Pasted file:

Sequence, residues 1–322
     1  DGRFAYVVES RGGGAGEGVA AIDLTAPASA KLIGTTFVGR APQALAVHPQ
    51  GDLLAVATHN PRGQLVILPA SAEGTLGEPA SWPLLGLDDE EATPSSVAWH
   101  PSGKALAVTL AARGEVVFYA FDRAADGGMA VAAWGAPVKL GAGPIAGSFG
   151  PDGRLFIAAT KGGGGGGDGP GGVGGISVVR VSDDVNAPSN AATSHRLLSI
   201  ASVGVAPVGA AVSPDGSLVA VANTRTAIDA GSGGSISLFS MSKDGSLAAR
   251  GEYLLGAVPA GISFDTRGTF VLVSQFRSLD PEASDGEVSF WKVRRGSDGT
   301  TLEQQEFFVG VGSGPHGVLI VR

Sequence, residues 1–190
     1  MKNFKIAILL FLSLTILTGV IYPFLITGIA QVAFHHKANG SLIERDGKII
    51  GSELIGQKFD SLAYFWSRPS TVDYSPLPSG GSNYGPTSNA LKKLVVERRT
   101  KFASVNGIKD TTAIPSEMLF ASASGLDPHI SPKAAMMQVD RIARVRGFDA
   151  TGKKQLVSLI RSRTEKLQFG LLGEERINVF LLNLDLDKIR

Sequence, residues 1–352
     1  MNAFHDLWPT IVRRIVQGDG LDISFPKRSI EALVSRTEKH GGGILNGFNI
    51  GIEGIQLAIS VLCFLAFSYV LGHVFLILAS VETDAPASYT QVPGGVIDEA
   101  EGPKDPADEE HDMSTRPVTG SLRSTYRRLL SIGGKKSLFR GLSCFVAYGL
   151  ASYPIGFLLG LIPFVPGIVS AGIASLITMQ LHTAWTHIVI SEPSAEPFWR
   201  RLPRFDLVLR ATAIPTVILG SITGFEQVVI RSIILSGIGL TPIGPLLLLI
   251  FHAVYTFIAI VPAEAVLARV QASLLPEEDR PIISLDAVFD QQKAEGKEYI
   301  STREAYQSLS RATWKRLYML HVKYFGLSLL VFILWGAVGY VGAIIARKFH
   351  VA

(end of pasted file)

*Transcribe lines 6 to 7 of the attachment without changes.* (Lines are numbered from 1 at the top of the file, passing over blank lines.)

   201  ASVGVAPVGA AVSPDGSLVA VANTRTAIDA GSGGSISLFS MSKDGSLAAR
   251  GEYLLGAVPA GISFDTRGTF VLVSQFRSLD PEASDGEVSF WKVRRGSDGT